2. How will I be billed? Generally, Minneapolis tax lawyers will bill you on an hourly basis, particularly in a tax litigation setting. They will provide you with a general estimate of your future expenses, which, understandably, will vary with the progress of the case. In a tax preparation or sometimes even in a simple tax planning case, a tax attorney may also offer a flat fee option. Where there are complex tax planning issues involved, however, most Minneapolis tax lawyers are likely to charge on an hourly basis. Similarly, Minneapolis international tax lawyers tend to rely on the hourly fee arrangements.

The more important issue with regard to this question is the manner in which you will be billed. Here, the practice varies among tax lawyers in Minneapolis. Some tax attorneys may require you to supply a large retainer which is later deposited in a client’s trust account; if the retainer is later depleted, your lawyer may ask you to replenish it. Other tax lawyers will require a smaller retainer and will then bill you on a monthly basis. If the latter option is proposed by your tax lawyer, you should ask for a sufficient time period (usually 10-14 days) to pay your bill. A mix of these options is also available. You will find that Minneapolis tax lawyers, especially solo practitioners, are rather flexible in their choice of the payment mode, but, once the fee agreement is signed, they will be firm in insisting that you comply with the terms of the agreement.

3. Will the tax lawyer devote his personal attention to your case? This question is very important, especially in the context of mid-size and large law firms, because in those firms the partner with whom you signed the agreement will generally delegate some of his responsibilities to his associates, who are generally less experienced in the area than the partner. In this case, you should insist that the tax attorney with whom you signed the agreement devotes his personal attention to your case and delegates only marginal matters to his associates. Generally, tax lawyers in Minneapolis who operate as solo practitioners or in small firms do not have similar problems.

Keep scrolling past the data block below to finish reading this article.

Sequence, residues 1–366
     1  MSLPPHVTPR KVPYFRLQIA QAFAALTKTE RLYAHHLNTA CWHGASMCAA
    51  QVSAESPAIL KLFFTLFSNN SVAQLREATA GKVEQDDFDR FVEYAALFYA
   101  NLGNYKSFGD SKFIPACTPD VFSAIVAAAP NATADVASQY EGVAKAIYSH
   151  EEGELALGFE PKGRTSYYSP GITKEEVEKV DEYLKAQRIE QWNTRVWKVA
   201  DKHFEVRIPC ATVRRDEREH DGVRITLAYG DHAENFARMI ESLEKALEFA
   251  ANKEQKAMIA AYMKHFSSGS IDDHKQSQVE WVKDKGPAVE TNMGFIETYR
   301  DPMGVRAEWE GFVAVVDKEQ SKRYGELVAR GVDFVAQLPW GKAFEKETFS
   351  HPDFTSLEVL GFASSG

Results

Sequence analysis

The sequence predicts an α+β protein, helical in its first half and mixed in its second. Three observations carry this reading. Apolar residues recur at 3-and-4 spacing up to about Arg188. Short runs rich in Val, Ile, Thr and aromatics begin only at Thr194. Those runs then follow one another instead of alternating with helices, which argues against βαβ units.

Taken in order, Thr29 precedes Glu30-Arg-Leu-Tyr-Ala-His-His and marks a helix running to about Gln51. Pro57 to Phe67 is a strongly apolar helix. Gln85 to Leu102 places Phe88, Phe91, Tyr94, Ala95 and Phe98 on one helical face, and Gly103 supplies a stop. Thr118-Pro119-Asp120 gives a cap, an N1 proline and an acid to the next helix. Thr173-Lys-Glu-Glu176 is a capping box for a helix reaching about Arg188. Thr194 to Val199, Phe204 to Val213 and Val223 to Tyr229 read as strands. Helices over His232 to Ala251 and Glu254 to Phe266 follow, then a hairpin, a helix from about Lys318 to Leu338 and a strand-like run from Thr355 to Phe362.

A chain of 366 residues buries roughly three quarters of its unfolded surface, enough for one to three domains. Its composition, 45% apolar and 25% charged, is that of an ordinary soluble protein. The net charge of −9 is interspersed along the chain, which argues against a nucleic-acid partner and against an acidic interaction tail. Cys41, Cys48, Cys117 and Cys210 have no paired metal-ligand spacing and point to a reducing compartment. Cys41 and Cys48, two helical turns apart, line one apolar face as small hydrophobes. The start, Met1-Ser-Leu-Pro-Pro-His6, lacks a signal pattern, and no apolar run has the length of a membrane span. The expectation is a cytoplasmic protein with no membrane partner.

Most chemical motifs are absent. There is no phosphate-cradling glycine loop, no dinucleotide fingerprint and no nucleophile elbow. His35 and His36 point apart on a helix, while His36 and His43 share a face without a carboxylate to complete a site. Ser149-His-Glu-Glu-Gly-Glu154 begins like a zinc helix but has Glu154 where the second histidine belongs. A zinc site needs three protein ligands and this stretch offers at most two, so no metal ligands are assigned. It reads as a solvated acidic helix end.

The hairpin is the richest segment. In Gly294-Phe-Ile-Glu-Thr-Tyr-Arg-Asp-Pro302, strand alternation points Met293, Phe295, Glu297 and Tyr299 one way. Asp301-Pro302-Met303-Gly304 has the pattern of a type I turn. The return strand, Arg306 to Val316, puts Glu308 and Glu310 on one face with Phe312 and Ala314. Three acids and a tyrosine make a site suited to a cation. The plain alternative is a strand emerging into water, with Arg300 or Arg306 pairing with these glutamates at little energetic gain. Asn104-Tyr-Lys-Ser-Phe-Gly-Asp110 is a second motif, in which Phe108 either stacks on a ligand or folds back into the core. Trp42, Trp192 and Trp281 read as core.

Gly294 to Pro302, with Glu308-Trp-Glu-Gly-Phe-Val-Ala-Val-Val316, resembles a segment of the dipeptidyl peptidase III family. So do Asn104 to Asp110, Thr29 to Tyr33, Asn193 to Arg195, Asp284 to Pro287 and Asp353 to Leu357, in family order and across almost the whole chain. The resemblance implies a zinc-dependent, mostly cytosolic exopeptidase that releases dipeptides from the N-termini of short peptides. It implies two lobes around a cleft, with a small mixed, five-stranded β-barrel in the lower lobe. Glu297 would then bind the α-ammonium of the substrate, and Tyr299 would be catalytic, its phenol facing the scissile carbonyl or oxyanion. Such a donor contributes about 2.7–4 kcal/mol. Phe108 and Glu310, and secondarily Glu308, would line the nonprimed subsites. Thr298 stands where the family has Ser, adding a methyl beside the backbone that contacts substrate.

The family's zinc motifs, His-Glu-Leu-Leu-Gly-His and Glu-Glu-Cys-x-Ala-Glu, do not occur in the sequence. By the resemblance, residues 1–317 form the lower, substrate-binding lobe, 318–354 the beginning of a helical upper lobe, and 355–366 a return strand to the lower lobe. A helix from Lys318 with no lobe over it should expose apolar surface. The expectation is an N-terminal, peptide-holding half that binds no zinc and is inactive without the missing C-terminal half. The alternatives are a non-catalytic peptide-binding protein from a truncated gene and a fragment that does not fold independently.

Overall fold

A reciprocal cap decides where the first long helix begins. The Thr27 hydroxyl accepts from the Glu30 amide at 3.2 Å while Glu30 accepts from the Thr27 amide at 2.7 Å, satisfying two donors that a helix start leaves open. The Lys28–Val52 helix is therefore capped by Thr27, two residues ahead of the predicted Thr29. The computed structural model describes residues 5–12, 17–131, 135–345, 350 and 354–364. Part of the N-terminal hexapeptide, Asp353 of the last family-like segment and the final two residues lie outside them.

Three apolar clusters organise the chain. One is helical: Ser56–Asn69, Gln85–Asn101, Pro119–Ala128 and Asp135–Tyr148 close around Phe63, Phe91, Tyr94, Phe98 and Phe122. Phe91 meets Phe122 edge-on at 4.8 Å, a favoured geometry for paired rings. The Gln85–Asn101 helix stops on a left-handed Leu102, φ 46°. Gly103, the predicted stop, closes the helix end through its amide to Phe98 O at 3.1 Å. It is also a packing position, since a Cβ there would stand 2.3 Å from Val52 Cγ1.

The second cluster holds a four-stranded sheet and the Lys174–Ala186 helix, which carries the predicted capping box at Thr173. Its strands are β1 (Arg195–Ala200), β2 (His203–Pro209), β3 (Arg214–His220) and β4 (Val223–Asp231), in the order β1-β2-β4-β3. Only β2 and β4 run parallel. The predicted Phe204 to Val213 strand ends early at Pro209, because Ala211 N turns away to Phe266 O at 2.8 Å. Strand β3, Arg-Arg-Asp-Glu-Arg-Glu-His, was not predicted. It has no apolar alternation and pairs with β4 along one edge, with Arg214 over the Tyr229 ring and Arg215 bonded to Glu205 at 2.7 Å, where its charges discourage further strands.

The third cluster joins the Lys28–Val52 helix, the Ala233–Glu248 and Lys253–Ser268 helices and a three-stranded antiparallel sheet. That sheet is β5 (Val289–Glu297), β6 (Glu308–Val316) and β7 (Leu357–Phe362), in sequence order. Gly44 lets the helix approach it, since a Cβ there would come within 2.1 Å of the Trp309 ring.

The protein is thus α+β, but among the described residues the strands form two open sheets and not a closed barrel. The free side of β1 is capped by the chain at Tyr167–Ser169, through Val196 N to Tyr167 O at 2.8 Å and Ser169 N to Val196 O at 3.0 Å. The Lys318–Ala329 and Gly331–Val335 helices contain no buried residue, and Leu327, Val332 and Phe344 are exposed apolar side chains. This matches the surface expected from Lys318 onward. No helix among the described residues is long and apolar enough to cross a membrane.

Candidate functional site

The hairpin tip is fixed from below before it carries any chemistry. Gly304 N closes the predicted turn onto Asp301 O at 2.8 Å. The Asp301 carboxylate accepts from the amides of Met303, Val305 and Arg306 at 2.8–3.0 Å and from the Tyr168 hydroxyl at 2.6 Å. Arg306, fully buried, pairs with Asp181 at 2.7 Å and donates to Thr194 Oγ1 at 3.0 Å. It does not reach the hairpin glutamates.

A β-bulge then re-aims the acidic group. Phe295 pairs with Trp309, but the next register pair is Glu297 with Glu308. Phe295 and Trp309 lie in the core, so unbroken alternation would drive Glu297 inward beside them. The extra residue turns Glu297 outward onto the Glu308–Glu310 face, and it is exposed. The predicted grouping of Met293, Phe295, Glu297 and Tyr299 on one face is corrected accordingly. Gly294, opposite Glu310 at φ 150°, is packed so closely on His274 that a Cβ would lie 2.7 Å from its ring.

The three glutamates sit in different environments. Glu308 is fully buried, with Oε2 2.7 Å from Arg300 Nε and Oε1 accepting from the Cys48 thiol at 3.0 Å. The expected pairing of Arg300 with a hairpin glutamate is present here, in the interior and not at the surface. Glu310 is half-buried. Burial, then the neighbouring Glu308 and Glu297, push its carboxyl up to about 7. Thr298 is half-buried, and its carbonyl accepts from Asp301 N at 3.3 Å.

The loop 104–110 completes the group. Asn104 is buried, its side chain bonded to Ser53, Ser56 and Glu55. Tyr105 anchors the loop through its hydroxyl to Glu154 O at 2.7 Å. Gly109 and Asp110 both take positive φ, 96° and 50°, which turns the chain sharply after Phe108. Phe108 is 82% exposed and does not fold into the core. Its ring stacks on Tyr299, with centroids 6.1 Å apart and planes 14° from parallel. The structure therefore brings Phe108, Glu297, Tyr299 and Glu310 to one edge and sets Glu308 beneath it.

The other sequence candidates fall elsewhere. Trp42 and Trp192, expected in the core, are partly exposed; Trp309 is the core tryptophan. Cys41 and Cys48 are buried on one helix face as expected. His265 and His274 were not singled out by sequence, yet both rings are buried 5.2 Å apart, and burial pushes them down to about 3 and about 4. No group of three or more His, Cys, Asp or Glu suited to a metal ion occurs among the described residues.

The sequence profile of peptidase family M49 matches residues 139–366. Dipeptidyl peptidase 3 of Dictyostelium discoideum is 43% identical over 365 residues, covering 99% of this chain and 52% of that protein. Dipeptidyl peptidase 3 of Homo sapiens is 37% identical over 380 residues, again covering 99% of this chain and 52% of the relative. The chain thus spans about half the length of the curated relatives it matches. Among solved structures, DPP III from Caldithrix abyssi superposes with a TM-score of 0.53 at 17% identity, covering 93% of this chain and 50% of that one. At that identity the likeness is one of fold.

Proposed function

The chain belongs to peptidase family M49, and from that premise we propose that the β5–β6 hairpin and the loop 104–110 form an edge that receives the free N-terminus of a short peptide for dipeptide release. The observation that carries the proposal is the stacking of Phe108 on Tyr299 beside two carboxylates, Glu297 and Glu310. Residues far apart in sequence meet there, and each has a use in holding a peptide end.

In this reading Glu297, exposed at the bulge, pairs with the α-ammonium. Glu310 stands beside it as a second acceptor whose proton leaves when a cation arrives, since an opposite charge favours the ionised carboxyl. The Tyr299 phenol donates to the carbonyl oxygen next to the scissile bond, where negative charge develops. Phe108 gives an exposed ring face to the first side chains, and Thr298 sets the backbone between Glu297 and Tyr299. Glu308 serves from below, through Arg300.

The other important issue involved in this question is whether your tax attorney is generally responsive to your calls and keeps you up-to-date with respect to the progress of your case. Most tax lawyers in Minneapolis are very busy people; yet, you must insist that you would be able to communicate with them. In my practice, I devote a great deal of energy and time to make sure that my clients do not feel neglected and have the latest information about their case. For example, my firm has a rule of returning most calls within two hours after the client calls. I also make sure that the communication details are discussed during the first meeting. Usually, in additional to bi-weekly phone updates, I also send out a monthly written update, which generally includes a brief summary of events and copies of all relevant documents and materials, including communications with the other party.

In conclusion, by asking these three questions to tax attorneys in Minneapolis, you will make sure that the tax lawyer you are choosing is congruent to your interests and character.